[Originally posted at Just the Facts, Baby.]
One of the hardest things to cope with as a parent is anxious separations. Seeing those big eyes begging you not to leave and trying to pull away as your child clings desperately to your leg is often more stressful for the mother than for the child.
Here are two common mistakes parents make when dealing with separation anxiety:
1. Many parents don’t tell their child they’re going to be leaving until the moment arrives.
But the longer your child has to get used to the idea, the better she’ll be able to handle the situation when it actually happens. The problem with the “sneak out” is that the general feeling of anxiety in your child can rise because now she’s worried that at any moment, without warning, Mommy could leave. This can also extend to worrying that you won’t come back when you walk out of the room, or if you are out of sight for a few moments.
2. The other mistake parents often make is drawing out the act of leaving.
If your child is upset or crying, the worst thing you can do is to hold on to her, stay there and try to soothe her. At that point, you’re no longer capable of soothing her because you’re the reason she’s crying. The longer you stay, the longer she suffers and the faster you leave, the faster she can get over it. (And the longer you stay, the more you are confirming that this really is a terrible thing that is happening.)
Here’s what to do instead:
1. Empathy first
The more you try to talk your child out of what she is feeling, the more invested she will become in proving to you how upsetting it is. In other words, her behavior and anxiety will escalate. What you need to do instead is make a few empathic statements first. I call this the CALM technique. Try saying things like, “ You just want to be with Mommy, you love me and it’s so hard to see me go.” Children will relax to some degree because they know their feelings are understood.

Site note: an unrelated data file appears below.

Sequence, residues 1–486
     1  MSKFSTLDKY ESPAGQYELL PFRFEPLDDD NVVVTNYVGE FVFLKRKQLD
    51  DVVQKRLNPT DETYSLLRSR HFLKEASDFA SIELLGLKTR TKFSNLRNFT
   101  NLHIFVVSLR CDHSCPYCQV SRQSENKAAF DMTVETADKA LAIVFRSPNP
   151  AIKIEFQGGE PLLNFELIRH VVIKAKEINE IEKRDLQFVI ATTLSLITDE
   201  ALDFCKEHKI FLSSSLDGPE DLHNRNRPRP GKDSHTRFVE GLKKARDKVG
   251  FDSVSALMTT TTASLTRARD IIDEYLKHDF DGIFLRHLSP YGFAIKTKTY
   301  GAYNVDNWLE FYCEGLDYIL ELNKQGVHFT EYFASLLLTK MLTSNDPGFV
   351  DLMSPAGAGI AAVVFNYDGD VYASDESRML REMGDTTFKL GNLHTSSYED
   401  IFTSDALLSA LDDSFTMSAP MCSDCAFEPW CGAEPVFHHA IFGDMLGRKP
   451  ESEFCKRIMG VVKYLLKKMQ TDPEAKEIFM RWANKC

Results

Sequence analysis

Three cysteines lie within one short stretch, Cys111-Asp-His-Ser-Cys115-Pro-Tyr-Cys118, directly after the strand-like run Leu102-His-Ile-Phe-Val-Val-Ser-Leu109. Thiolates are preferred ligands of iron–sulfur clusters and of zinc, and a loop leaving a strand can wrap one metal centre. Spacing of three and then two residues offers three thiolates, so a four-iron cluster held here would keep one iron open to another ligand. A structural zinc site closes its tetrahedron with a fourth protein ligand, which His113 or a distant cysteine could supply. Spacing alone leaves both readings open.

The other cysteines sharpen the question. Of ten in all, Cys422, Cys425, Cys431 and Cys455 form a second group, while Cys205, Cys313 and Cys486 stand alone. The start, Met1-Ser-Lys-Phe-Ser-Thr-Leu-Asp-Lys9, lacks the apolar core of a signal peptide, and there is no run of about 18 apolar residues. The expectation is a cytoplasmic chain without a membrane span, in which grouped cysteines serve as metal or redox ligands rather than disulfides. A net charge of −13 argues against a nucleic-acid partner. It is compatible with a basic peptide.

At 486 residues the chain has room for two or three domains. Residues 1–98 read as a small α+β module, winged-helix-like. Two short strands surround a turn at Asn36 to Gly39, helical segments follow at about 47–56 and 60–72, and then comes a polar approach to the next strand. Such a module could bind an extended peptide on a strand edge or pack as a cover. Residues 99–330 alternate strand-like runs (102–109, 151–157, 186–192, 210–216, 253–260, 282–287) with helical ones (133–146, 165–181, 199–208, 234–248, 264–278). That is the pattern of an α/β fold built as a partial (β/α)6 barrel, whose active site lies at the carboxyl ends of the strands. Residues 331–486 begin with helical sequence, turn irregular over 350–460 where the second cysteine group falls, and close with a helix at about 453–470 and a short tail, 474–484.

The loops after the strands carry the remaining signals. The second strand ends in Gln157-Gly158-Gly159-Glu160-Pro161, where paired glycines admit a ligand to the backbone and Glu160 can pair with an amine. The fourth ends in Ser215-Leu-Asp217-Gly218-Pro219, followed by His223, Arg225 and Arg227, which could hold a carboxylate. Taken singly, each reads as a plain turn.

2. Give messages of competence
Try saying something like, “Sweetie, you’re going to be just fine. I wouldn’t leave you anywhere I wasn’t sure you’d be safe and fine.” Or, “You can do this, I know you can because you did it yesterday and you will feel like playing in a few minutes.” Then give her a hug and a kiss and walk away—and don’t go back, no matter how tempted you may be!
When you return a few hours later or at the end of the day, don’t make a big deal of that either. If you overdo the reunion, you may be reinforcing that it was an awful thing that you both went through. A warm hug and casual statement like, “I missed you” and “I knew you could do it” will suffice.
3. Give them lots of notice and plan your exit
Make your comings and goings as predictable as possible for your child. Give her fair warning so that she has time to get used to the idea and when you do leave, don’t make a big deal of it. By telling her in advance that you’re leaving, you’re giving her that message of competence, letting her know that you believe she is capable of handling the information.
4. Practice leaving and coming back
If your child really struggles with separation, you can try leaving for a short period of time, or leaving the room (with a sitter of course) for awhile, but don’t leave the house. From there, you can extend the amount of time you leave and go from leaving for a short period of time—perhaps a half hour—until your child both knows the sitter and has gotten used to the idea that when you leave, you do come back.
Remember, for many children this is a stage and as they get a little older and accumulate more experiences of your comings and goings, they will be fine and the stronger for it.